Author Topic: cold water technique--worked  (Read 2477 times)

0 Members and 1 Guest are viewing this topic.

Offline canadave

  • Supporting Member
  • *
  • Posts: 663
  • Age: 42
  • Location: Beach Meadows, NS, Canada, Earth
cold water technique--worked
« on: July 09, 2004, 05:30:01 PM »
Hey there folks,

I tried something the other night to make my NY style pizza dough...it worked great!  Tasted the best of any dough I've made yet; speaking as a native NY-er, it was pretty authentic-tasting.

I basically used Steve's recipe: 2 pounds high-gluten flour, 20 ounces water, 2 tsp yeast, 2 tsp salt, 2 tsp sugar, 2 Tbs mild olive oil.  The one big difference from how I did things before?  I used cold water.  I'd estimate the temperature to be at around 45-55 degrees F.  

Dissolved the sugar into the water, poured the water into the flour/salt mix, turned on the mixer to low, then added the yeast and oil.  Mixed on low for 5 minutes, then turned the mixer off, then mixed for another 5 minutes.

Here's another change I made--I used metal cookie tins instead of plastic grocery bags, to store the dough.  Placed the dough in the tins, put the tins in the fridge, waited overnight.  Result--delicious!!! :)  Dough was pliable, manageable, rose well.  Simple, easy, fantastic.

--Dave


Offline pythonic

  • Registered User
  • Posts: 2039
  • Age: 36
  • Location: Crest Hill, IL
  • Pizza......its what's for dinner!
Re: cold water technique--worked
« Reply #1 on: August 16, 2012, 06:59:30 PM »
I've never tried using cold water before so I went with this 8yr old formulation and made dough tonight.  I'm sure there are better updated ones out there but this was all I could find.  I'll be baking tomorrow and the day after so I will be sure to post some pics.

Nate
If you can dodge a wrench you can dodge a ball.

Offline jsaras

  • Supporting Member
  • *
  • Posts: 515
  • Location: Northridge, CA
Re: cold water technique--worked
« Reply #2 on: August 17, 2012, 12:27:35 AM »
Were you using ADY or IDY?
Things have never been more like today than they are right now.

Offline pythonic

  • Registered User
  • Posts: 2039
  • Age: 36
  • Location: Crest Hill, IL
  • Pizza......its what's for dinner!
Re: cold water technique--worked
« Reply #3 on: August 17, 2012, 12:29:55 PM »
IDY
If you can dodge a wrench you can dodge a ball.

Offline weemis

  • Registered User
  • Posts: 567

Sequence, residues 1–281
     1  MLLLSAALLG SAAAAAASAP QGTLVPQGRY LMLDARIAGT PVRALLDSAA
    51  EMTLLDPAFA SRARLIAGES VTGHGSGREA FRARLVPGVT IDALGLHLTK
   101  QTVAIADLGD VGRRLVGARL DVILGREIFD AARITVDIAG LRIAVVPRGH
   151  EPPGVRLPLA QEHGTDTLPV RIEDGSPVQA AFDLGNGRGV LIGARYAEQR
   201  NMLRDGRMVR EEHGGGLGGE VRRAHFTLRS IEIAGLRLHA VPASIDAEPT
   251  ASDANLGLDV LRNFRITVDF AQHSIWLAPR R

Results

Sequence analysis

• Age: 35
  • Location: Columbus, OH
    • My Pizza Web Blog
Re: cold water technique--worked
« Reply #4 on: August 17, 2012, 01:32:03 PM »
You can use ADY with cold water as well. Just hold back 100g or so for ADY hot water activation.
Nick Gore - just a dough eyed wanderer

Offline The Dough Doctor

  • Tom Lehmann
  • Lifetime Member
  • *
  • Posts: 963
  • Location: Manhattan, KS
Re: cold water technique--worked
« Reply #5 on: August 17, 2012, 02:59:04 PM »
When we mix dough in a large planetary Hobart mixer (80-quart) using 50-pounds of flour, we typically need to use water at 60 to 65F to achieve a targeted finished dough temperature of 80 to 85F after about 10-minutes of mixing. The cold water is needed to compensate for the temperature gain of the dough during mixing as a result of friction between the dough and the bowl. This is pretty common in pizzerias across the country, but when making pizza at home, with much smaller mixers, the temperature gain is not all that great, plus our expectations of the dough are different between store made and home made dough, as a result, we normally see warmer water being used in a home made dough than we would in a store made dough. The thing to remember is finished dough temperature is what we are striving for. This is what sets the stage for fermentation and ultimately flavor development and handling properties.
Tom Lehmann/The Dough Doctor

Offline pythonic

  • Registered User
  • Posts: 2039
  • Age: 36
  • Location: Crest Hill, IL
  • Pizza......its what's for dinner!
Re: cold water technique--worked
« Reply #6 on: August 18, 2012, 08:56:22 AM »
Here are the pizza pics for this formulation.  I got excellent browning but the crust was a tad too sweet for me.
If you can dodge a wrench you can dodge a ball.